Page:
Vector3 mPosition;
Vector3 mVelocity;
};```

Here is the x86 SSE code generated for the DirectXMath version of the Update method:

```     movaps      xmm2,xmmword ptr [ecx+10h]
movaps      xmm1,xmmword ptr [ecx]
movaps      xmm0,xmmword ptr [__xmm@3f7d70a43f7d70a43f7d70a43f7d70a4]
mulps       xmm0,xmm2
movq        mmword ptr [ecx],xmm1
shufps      xmm1,xmm1,0AAh
movss       dword ptr [ecx+8],xmm1
movq        mmword ptr [ecx+10h],xmm0
shufps      xmm0,xmm0,0AAh
movss       dword ptr [ecx+18h],xmm0
ret```

The SimpleMath version generates slightly more than twice as many machine instructions:

```     movss       xmm2,dword ptr [ecx]
movss       xmm0,dword ptr [ecx+4]
movss       xmm1,dword ptr [ecx+0Ch]
unpcklps    xmm2,xmm0
movss       xmm0,dword ptr [ecx+8]
movlhps     xmm2,xmm0
movss       xmm0,dword ptr [ecx+10h]
unpcklps    xmm1,xmm0
movss       xmm0,dword ptr [ecx+14h]
movlhps     xmm1,xmm0
movss       dword ptr [ecx],xmm2
movaps      xmm0,xmm2
shufps      xmm0,xmm2,55h
movss       dword ptr [ecx+4],xmm0
shufps      xmm2,xmm2,0AAh
movss       dword ptr [ecx+8],xmm2
movss       xmm1,dword ptr [ecx+0Ch]
movss       xmm0,dword ptr [ecx+10h]
unpcklps    xmm1,xmm0
movss       xmm0,dword ptr [ecx+14h]
movlhps     xmm1,xmm0
mulps       xmm1,xmmword ptr [__xmm@3f7d70a43f7d70a43f7d70a43f7d70a4]
movaps      xmm0,xmm1
movss       dword ptr [ecx+0Ch],xmm1
shufps      xmm0,xmm1,55h
shufps      xmm1,xmm1,0AAh
movss       dword ptr [ecx+10h],xmm0
movss       dword ptr [ecx+14h],xmm1
ret```

Most of this difference is because I was able to used aligned loads and stores in the DirectXMath version, while the SimpleMath code must do extra work to handle memory locations that might not be properly aligned.  Also note how the SimpleMath version loads the mVelocity value from memory into SIMD registers twice, while the extra control offered by DirectXMath allowed me to do this just once.

But hey, sometimes performance isn't the most important goal.  If you care more about optimizing for developer efficiency, SimpleMath could be for you.

#### Resources

• Note that SimpleMath assumes you are using a right handed coordinate system, the same as the XNA Game Studio math library.

This is unlike DirectXMath, which includes alternative methods for both right and left handed computations.

• I did the same sort of thing a few months back and released it on Github (github.com/.../XnaMathWrapper), although it doesn't use the name DirectXMath.

Also the coding style is a bit different.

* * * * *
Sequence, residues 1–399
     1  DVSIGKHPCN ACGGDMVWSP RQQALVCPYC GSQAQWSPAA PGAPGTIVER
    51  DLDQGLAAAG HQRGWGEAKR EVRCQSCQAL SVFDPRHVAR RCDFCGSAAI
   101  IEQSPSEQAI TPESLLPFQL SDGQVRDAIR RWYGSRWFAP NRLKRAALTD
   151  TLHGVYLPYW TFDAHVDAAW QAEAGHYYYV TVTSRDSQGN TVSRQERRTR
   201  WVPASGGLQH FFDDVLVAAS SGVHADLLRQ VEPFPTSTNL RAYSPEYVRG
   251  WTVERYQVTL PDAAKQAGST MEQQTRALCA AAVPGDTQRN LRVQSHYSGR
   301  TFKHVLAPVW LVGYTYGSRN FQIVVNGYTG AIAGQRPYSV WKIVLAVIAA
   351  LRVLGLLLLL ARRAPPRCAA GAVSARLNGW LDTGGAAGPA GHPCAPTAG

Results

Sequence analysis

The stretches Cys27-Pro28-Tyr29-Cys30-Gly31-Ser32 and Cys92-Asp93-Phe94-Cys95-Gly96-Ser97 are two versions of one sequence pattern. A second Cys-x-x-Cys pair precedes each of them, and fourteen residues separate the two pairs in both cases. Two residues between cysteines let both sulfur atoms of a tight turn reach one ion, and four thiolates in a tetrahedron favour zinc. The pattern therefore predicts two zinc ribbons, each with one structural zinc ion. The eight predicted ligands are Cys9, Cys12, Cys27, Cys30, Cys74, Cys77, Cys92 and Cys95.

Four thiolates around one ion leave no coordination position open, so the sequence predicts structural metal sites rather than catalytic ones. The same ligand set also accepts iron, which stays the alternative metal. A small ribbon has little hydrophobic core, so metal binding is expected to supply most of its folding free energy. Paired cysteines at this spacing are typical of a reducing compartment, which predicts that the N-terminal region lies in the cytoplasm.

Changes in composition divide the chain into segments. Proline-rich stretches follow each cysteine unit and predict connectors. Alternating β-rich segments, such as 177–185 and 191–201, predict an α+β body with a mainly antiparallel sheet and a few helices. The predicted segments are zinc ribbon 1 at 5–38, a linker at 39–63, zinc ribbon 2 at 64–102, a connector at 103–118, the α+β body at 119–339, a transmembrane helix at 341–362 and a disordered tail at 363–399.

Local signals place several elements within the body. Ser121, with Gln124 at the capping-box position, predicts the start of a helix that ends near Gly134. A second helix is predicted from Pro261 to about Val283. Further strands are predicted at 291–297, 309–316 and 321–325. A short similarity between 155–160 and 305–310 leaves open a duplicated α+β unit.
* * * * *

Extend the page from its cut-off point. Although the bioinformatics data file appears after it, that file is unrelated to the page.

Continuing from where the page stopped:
• thanks shawn and  Chuck Walbourn for this , i check if it is faster than mine

if it is you get full credits for the math lib,,

have a look at my physics and my realtime mathematical beauty for the tegra 3 chip surface rt

happy newyear and keepup the good work,, and i got somthing for you all,, you will see in the comming months

best regards

Michael

• Sorry mine is faster , but i had to check it is allways the simple things you forget

and will slow your program down

allso ran some test we are in the year 1998 riva tnt 128 grapchic card  = tegra 3 in small form factor

and an upscaler and more pixel bandwidth also

well the first version of NT now there are only 2 years to the break true, in small form factores

• Hi, can someone explain me why DirectxMath dont use move semantics? I feel the urge to edit that .h file adding move constructors and assignment operators..

• What does it mean to move as opposed to copy the value in a SIMD CPU register?

Move semantics only make sense when there is some worthwhile optimization that can be done for move but not for copy.  I don't understand what this would be for any of the DirectXMath or SimpleMath types?

• Nice! When looking at the source code, I ask myself why intermediate results of packed vectors are returned as packed vectors (e.g. adding two Vector2 values results in a Vector2 value). Wouldn't it be more efficient for these intermediate results to make new C++ structs that hold an XMVECTOR and know what the original packed dimension was (ie as template integer argument), or even use a 'swizzle' mask (again a template argument)? And allow implicit conversion from such an intermediate structure to a packed vector? Together with the "auto" C++ keyword, this could result in better performance, since the compiler cannot automatically infer these type of optimizations I guess.

• Note that DirectX Tool Kit is now hosted on GitHub, and the latest SimpleMath docs are on the wiki there <github.com/.../SimpleMath>

Page 1 of 1 (8 items)